| May 17, 2022

In the United States alone, breakthrough scientific discoveries are made everyday. Critically important technologies are developed in universities and research laboratories with an unparalleled amount of public funding. This research ecosystem produces a wealth of discoveries. However, a large portion of successful innovations fail to transition out of the lab. Most innovations fail to become the capabilities needed to address the most pressing societal issues faced today. Climate change, energy, pandemics, cybersecurity, terrorism. The list goes on.

hand pointing at a screen displaying a screenshot from Darkcode

AP Photo/Gene J. Puskar

Paper - Belfer Center for Science and International Affairs, Harvard Kennedy School

New Risks in Ransomware: Supply Chain Attacks and Cryptocurrency

| May 16, 2022

This paper provides an overview of the current ransomware landscape, such as the rise of Ransomware-as-a-Service (RaaS) and the increase of supply chain attacks, while also gesturing towards potential emerging solutions, such as software bill of materials (SBOM), vulnerability disclosure databases, and stricter cryptocurrency regulations.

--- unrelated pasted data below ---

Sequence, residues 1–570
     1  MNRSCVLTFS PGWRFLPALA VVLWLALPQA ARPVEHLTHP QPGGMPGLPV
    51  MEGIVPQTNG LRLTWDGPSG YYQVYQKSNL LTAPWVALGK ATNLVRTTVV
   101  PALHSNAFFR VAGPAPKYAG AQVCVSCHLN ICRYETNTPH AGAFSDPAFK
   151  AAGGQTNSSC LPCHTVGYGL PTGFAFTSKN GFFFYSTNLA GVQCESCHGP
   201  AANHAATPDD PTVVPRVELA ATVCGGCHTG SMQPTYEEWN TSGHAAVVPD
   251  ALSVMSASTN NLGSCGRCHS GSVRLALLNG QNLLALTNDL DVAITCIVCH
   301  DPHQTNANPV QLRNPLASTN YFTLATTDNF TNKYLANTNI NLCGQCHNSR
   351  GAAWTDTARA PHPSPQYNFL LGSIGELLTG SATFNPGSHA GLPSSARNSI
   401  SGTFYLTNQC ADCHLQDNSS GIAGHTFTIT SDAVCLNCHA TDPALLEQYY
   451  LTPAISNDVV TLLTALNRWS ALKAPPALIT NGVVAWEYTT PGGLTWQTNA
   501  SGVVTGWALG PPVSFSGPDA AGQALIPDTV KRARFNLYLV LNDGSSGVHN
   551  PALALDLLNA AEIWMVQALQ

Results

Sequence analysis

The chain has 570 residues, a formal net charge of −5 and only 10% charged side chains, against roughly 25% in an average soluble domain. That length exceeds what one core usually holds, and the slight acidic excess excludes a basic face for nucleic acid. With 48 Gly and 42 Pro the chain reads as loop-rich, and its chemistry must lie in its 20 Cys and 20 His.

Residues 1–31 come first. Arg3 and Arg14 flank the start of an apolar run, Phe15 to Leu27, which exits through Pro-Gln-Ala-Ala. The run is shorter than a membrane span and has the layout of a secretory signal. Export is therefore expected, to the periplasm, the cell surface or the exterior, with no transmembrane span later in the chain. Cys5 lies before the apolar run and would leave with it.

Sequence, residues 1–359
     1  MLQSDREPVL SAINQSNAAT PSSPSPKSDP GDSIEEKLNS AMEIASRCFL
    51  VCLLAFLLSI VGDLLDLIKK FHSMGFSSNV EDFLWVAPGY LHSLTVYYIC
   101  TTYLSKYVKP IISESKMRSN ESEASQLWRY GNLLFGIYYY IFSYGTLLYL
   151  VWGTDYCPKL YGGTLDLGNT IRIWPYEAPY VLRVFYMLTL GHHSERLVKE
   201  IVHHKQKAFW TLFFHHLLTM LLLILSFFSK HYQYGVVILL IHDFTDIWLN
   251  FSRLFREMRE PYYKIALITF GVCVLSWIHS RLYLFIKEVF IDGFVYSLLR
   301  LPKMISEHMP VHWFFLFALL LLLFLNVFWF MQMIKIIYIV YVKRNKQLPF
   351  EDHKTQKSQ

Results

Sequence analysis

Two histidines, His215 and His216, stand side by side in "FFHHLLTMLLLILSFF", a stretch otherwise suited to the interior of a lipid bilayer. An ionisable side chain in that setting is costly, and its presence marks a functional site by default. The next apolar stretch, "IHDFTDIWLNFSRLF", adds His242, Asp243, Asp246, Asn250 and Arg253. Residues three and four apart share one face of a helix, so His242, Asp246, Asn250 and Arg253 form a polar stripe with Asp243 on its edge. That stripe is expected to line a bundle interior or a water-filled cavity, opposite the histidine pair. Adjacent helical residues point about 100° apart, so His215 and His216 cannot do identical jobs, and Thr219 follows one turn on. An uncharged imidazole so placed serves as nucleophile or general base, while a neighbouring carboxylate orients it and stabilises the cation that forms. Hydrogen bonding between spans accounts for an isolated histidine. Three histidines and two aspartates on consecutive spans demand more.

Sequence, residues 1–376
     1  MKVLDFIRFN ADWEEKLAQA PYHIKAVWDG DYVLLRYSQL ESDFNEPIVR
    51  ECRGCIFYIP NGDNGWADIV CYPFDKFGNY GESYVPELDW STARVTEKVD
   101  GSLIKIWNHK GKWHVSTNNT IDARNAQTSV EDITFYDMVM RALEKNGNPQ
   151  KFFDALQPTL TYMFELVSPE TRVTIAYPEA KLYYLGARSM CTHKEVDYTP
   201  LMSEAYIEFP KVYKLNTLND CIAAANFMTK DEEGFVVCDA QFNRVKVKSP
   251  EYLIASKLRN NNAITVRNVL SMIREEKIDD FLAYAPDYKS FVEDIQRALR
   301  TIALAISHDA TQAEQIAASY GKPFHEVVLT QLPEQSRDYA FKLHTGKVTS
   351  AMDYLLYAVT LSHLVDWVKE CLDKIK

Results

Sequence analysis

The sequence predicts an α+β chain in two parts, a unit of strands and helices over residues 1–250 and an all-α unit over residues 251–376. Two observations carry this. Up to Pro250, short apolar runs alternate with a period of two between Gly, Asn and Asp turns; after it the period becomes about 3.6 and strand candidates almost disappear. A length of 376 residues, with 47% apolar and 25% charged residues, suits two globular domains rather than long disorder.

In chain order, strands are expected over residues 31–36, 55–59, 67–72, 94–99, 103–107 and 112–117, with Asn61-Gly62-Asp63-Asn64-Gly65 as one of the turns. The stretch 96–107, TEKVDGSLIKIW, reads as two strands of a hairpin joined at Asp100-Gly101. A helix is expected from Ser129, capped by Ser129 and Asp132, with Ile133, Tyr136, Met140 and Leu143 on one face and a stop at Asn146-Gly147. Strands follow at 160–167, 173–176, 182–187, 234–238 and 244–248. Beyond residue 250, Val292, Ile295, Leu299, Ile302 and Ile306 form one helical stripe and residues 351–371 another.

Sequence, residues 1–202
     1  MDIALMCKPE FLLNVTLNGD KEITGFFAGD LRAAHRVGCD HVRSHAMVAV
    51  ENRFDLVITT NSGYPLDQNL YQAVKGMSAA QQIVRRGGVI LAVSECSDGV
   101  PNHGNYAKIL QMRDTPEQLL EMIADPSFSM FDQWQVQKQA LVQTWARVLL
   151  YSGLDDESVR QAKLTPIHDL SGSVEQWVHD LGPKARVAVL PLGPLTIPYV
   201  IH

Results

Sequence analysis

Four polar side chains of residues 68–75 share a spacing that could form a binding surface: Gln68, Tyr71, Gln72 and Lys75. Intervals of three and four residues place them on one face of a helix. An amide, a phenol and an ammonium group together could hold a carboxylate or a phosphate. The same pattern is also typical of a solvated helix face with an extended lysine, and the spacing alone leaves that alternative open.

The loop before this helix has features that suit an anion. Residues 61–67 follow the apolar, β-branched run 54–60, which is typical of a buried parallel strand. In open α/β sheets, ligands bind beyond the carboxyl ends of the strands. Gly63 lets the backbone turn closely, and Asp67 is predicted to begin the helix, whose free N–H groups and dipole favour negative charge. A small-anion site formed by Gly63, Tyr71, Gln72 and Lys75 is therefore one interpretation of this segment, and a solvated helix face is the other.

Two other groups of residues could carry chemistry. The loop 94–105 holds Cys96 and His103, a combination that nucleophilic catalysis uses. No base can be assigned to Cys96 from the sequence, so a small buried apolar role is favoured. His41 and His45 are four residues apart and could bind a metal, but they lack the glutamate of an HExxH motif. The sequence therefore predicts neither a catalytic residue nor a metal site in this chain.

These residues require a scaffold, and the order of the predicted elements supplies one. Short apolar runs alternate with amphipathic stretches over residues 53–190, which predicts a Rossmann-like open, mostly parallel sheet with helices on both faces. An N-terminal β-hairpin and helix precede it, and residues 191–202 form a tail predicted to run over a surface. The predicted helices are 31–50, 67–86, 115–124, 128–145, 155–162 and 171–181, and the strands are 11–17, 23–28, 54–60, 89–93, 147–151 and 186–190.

Design from the Margins

Maria Stiller


Design From the Margins

| May 13, 2022

In an age of virtual connectivity and increased reliance on the internet for daily functions, including by marginalized groups, can companies and technologists reframe their features or standards to support the most marginalized users’ needs? Can the modes of resilience within digital spaces from some of the most marginalized groups be listened to, learned from, and centered when creating technology? Design from the Margins (DFM), a design process that centers the most impacted and marginalized users from ideation to production, pushes the notion that not only is this something that can and must be done, but also that it is highly beneficial for all users and companies. For this to happen, consumer interest conversations need to be framed outside the “biggest use case” scenarios and United States and European Union-centrisms and refocused on the cases often left in the margins: the decentered cases.

This report outlines how the DFM method can be used to build our most well-known and relied-upon technologies for decentered cases (often deemed “edge cases” which is atypical or less common use case for a product) from the beginning of the design process, rather than retrofitting them post-deployment to cater to communities with what are perceived to be extra needs.